JUNETEENTH OUR DAY OF FREEDOM is my non-fiction Step Into Reading Level 3 History Reader published by Random House. Read about the history of Juneteenth and how we celebrate the holiday now.
Readers of the picture books and contemporary and historical fiction I’ve written will encounter the themes that I think are important to shine a light on:
Literacy, racial harmony, identity, poverty, contemporary families, bullying, resilience, African American history, American history, the search for beauty, the strength found in community and a positive co-existence with nature.
My characters are every-day children and young adults who demonstrate resilience and find their own voices in the face of adversity. I believe in cultivating optimism. I believe in the positive power of story.
In EVETTE: THE RIVER AND ME, my American Girl book published September 2021, thirteen-year-old nature lover Evette Peeterson joins the environmental community. Her actions make a difference in the health of a river that holds personal memories for her family.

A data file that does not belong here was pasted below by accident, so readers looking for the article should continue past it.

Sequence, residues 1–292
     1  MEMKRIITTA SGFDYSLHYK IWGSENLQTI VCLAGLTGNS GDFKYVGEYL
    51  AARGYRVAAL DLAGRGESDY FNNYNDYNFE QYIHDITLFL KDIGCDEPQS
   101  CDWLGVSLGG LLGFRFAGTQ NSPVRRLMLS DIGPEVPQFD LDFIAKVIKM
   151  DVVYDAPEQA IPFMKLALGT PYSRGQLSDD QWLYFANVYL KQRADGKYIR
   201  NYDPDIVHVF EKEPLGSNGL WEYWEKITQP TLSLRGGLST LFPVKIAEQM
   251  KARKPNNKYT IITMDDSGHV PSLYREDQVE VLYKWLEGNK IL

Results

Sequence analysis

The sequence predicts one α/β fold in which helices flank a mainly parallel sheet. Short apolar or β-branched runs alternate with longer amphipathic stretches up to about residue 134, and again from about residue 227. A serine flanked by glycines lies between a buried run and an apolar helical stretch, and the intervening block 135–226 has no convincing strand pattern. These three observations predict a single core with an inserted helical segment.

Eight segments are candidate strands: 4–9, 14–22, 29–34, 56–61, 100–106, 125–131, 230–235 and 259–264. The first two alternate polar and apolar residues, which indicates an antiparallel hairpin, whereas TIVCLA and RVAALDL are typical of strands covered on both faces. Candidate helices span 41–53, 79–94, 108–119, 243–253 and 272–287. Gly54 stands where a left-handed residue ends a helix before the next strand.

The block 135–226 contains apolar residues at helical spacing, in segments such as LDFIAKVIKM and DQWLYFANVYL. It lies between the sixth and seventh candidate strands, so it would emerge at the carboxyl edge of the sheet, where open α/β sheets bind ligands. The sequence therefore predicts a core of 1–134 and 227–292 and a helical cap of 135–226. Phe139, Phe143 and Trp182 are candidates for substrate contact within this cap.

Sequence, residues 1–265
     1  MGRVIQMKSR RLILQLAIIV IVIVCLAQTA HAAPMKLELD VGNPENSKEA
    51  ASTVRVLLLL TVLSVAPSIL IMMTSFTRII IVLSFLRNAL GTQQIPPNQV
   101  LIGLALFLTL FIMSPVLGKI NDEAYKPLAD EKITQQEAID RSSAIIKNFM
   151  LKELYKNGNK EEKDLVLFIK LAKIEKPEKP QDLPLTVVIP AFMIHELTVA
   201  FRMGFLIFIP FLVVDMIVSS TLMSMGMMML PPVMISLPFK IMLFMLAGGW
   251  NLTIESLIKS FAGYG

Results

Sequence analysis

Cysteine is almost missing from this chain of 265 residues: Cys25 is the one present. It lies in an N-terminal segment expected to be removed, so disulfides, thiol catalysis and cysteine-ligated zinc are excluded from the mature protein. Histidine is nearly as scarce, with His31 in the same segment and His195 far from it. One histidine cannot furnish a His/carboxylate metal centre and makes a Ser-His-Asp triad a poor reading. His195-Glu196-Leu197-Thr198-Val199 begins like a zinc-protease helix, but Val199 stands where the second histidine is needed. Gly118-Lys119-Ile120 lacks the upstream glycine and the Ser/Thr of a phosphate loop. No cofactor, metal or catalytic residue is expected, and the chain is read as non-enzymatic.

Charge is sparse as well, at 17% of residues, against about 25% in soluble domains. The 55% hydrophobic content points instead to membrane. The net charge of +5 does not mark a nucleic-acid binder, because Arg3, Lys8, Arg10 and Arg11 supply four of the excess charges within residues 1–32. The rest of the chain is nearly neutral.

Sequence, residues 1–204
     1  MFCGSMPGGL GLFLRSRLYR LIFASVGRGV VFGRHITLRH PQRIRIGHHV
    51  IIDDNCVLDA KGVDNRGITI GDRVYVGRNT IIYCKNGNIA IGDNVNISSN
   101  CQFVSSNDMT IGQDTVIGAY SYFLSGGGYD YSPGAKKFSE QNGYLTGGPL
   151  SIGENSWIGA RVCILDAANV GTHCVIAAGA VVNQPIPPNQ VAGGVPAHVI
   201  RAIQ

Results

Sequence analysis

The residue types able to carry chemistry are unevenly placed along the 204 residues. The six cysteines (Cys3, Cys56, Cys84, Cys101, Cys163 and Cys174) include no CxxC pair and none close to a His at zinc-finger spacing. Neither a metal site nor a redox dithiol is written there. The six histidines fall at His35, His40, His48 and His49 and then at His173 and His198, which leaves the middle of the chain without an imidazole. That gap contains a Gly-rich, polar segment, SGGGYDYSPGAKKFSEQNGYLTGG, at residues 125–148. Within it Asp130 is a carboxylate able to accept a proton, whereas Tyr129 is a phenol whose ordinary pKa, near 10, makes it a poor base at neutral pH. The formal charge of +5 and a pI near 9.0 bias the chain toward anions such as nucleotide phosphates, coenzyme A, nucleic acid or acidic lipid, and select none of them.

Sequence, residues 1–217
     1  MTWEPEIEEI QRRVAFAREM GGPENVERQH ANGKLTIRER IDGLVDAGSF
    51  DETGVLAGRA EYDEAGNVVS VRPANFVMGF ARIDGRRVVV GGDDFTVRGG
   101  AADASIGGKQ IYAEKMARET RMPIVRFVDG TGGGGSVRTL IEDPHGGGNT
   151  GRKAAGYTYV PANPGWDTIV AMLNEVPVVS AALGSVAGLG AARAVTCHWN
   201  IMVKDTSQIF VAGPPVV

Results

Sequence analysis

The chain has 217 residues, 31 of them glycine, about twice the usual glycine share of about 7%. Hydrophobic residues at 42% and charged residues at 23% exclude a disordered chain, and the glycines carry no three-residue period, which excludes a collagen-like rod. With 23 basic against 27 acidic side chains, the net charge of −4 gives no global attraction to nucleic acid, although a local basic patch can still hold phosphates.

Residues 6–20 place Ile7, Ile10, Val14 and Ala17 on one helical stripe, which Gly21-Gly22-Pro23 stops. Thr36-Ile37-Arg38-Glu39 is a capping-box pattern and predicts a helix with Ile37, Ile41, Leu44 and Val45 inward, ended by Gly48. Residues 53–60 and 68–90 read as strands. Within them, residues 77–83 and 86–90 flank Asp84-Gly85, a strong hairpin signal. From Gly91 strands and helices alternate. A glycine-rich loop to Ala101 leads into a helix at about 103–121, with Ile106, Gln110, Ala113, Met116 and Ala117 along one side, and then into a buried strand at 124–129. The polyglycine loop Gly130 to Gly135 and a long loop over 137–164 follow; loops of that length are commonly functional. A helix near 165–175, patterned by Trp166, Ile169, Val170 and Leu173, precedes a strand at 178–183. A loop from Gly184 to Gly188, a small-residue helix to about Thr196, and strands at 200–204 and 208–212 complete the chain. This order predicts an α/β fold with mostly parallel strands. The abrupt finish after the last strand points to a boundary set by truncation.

Book Awards: Pleased to announce that American Girl doll EVETTE PEETERSON and my book
THE RIVER AND ME are recipients of THE GOOD HOUSEKEEPING BEST TOY AWARD!
Past awards include: Children’s Book Council Notable Book, Best Books of the Year Parents Magazine, New York Public Library Book for the Teen Age, New York Public Library One Hundred Titles for Reading and Sharing, “Reading Rainbow” Book, LAMBDA Literary Award Finalist
Other Honors: NAACP Education Award, Shuster Award (Hunter College), Cave Canem Poetry Fellowship, Stephen Crane Literary Award (Newark Public Library), Lucille Clifton Poetry Fellowship (Squaw Valley Community of Poets), Mid Atlantic Arts Fellowship, Geraldine R. Dodge Fellowship (VCCA), Rockefeller Foundation grant
Faculty: Visiting Associate Professor, Hollins University Graduate Dept. Children’s Literature
Speaker Appearances: International Reading Association, American Library Association; conferences, universities and schools in the U.S., and abroad